E. Comments and References

The ¬rst standard monomial theory was established by Hodge [Hd] for the homo-

geneous coordinate rings of the Grassmannians and their Schubert subvarieties. Having

found an explicite basis, he could derive the “postulation formula” for the Schubert sub-

varieties (previously conjectured by him and proved by Littlewood) in an elementary

manner. (In algebraic language the “postulation formula” is an explicit formula for the

dimension of the i-th homogeneous component of the homogeneous coordinate ring of a

49

E. Comments and References

projective variety.) A complete treatment was given by Hodge and Pedoe in their classical

monograph [HP]; the tacit assumption that the ring of coe¬cients contains the rational

numbers is only used there in proving that the relations in (4.4) are linear combinations

of the relations

m+1

(’1)k [a1 , . . . , aj’1 , bk , aj+1 , . . . , am ][b1 , . . . , bk’1 , bk+1 , . . . , bm+1 ]

k=1

instead of establishing them directly. (In positive characteristic the just-mentioned rela-

tions are not su¬cient in general to generate the ideal of Pl¨cker relations, cf. [Ab.2].)

u

More recent accounts of this standard monomial theory were given by Laksov [La.1]

and Musili [Mu]. Musili™s article is fairly selfcontained; his proof for the linear indepen-

dence of the standard monomials will be indicated in Section 6. It is actually simpler

than the one given whose merits will however become apparent in Section 11.

Like all the other authors we essentially follow Hodge™s “canonical” way in proving

that the standard monomials generate the B-module G(X). The proof of the linear

independence is borrowed from DeConcini™s, Procesi™s and Eisenbud™s article [DEP.1].

The only place however, where we could ¬nd a proof for the validity of (H2 ), is Lemma

2.1 of Hochster™s paper [Ho.3]; Hochster also observed that G(X) has the property dual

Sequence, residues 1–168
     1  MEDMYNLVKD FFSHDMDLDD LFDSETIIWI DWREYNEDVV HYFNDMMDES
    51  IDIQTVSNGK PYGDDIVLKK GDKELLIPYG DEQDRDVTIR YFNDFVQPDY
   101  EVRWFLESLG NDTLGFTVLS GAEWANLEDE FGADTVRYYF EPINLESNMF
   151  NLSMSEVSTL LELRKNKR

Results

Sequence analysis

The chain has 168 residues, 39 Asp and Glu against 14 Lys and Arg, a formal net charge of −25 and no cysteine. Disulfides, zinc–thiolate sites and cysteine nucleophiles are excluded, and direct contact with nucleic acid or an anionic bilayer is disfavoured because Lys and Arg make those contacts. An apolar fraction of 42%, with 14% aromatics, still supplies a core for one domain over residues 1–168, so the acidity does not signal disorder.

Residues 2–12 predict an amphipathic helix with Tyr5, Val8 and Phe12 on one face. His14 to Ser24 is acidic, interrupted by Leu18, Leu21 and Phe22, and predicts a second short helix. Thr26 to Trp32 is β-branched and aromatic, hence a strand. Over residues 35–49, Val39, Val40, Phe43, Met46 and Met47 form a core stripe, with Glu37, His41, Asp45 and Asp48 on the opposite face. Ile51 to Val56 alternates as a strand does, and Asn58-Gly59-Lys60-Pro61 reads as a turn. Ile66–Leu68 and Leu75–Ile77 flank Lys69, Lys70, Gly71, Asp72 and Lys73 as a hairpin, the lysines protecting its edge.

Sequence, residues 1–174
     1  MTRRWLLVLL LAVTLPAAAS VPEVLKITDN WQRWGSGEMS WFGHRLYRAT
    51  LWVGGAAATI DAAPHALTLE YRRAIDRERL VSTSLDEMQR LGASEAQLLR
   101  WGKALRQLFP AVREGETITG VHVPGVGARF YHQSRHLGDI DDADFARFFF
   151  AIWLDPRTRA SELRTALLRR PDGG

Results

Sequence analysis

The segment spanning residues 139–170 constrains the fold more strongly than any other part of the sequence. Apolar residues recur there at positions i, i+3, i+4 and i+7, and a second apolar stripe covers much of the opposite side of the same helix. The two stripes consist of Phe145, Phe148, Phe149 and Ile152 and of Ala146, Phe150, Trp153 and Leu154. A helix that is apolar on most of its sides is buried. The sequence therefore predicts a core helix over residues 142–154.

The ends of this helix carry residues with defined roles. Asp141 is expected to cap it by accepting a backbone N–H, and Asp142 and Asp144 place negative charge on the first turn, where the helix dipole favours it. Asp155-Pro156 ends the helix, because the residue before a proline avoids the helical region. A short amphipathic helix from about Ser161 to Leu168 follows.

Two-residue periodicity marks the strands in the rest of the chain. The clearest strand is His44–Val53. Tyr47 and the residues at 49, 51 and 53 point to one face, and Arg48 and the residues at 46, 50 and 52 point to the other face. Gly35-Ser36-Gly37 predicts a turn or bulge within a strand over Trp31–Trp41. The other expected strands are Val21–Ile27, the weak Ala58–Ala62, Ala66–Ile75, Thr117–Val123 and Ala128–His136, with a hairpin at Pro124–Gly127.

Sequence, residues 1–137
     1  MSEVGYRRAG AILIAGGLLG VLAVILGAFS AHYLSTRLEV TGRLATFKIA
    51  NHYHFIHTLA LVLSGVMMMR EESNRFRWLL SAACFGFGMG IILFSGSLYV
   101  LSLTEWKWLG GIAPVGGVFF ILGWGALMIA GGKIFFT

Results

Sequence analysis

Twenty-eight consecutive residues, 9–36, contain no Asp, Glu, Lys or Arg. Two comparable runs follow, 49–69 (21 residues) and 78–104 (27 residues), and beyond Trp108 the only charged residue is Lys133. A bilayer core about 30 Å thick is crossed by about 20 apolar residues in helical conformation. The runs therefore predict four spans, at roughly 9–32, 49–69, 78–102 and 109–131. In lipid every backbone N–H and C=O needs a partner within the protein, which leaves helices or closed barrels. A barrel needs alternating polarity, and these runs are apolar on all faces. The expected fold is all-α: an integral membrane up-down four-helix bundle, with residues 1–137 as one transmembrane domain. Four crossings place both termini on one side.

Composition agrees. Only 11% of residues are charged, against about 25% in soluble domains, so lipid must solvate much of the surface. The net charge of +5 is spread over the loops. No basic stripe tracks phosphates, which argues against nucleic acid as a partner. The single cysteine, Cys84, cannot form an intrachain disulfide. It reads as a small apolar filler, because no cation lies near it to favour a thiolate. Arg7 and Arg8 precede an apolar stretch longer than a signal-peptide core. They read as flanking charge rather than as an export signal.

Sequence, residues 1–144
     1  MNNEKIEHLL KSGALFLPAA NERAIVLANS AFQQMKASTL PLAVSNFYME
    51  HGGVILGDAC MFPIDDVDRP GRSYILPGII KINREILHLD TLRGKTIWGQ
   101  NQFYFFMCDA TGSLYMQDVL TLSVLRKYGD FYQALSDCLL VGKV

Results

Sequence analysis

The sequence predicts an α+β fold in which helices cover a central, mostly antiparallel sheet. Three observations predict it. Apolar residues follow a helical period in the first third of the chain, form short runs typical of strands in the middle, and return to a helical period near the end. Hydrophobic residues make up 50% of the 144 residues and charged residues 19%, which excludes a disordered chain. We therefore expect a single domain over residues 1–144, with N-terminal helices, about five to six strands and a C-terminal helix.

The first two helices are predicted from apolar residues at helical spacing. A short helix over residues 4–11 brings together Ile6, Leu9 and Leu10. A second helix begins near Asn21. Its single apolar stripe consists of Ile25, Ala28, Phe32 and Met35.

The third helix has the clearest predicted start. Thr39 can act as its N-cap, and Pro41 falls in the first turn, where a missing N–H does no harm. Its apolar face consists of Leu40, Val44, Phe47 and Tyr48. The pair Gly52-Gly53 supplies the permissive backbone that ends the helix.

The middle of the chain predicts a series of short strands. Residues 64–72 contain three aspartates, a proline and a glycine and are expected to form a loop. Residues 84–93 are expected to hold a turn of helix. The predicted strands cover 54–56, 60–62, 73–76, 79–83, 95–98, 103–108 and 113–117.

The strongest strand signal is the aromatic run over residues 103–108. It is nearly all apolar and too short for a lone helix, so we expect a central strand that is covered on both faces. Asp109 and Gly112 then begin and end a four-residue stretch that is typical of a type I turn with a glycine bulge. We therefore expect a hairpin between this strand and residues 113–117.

to (H2 ).

Our derivation of (4.11) from (4.3) is taken from [DEP.1] again, where priority

for Theorem (4.11) is attributed to Doubilet, Rota and Stein [DRS]. The geometric

relationship between the Grassmann variety and the a¬ne space is classical, however;

an algebraic argument involving standard products of arbitrary minors can be found in

[Mo] already; cf. also [HE.2], p. 1045.

The notion “algebra with straightening law” is drawn from Eisenbud™s introductory

survey [Ei.1] of the more voluminous monograph [DEP.2], in which the name “Hodge

algebra” is used for the members of a more general class and ASLs ¬gure as “ordinal

Hodge algebras”.

5. The Structure of an ASL

In this section we want to derive the properties of determinantal rings and Schubert

cycles which follow from the general theory of ASLs and the particular nature of the

partially ordered sets “(X) and ∆(X) introduced in the preceding section. Determinantal

rings and Schubert cycles inherit their structure as an ASL from B[X] and G(X), simply

because their de¬ning ideals are generated by an ideal in ∆(X) and “(X) resp.

We shall see that ASLs are reduced over reduced rings B and that ASLs on posets

of a certain class (containing the distributive lattices) are Cohen-Macaulay rings over

Cohen-Macaulay rings B. Furthermore there is a simple combinatorial formula for the

dimension of an ASL, for the proof of which one needs “natural” regular elements of an

ASL. One of the lemmas on which the formula for dimension is based, is general enough

to supply an upper bound for the number of elements needed to generate certain ideals up

to radical. This has consequences for the number of equations de¬ning a determinantal

or Schubert variety.

A. ASL Structures on Residue Class Rings

In order to apply ASL theory to determinantal rings and Schubert cycles one ¬rst

has to show that these rings are ASLs. This will follow readily from the fact that

their de¬ning ideals have a system of generators which is distinguished in regard of the

underlying poset.

(5.1) Proposition. Suppose A is a graded ASL on Π over B.

(a) Let Ψ ‚ Π, I = AΨ. If I is generated as a B-module by all the standard monomials

containing a factor ξ ∈ Ψ, then A/I is again a graded ASL on Π \ Ψ (in a natural way).

(b) In particular A/A„¦ is a graded ASL on Π \ „¦ if „¦ is an ideal in Π (i.e. ξ ∈ „¦ and

… ¤ ξ implies … ∈ „¦).

Proof: Part (a) is obvious. In (b) the ideal A„¦ is generated by all the monomials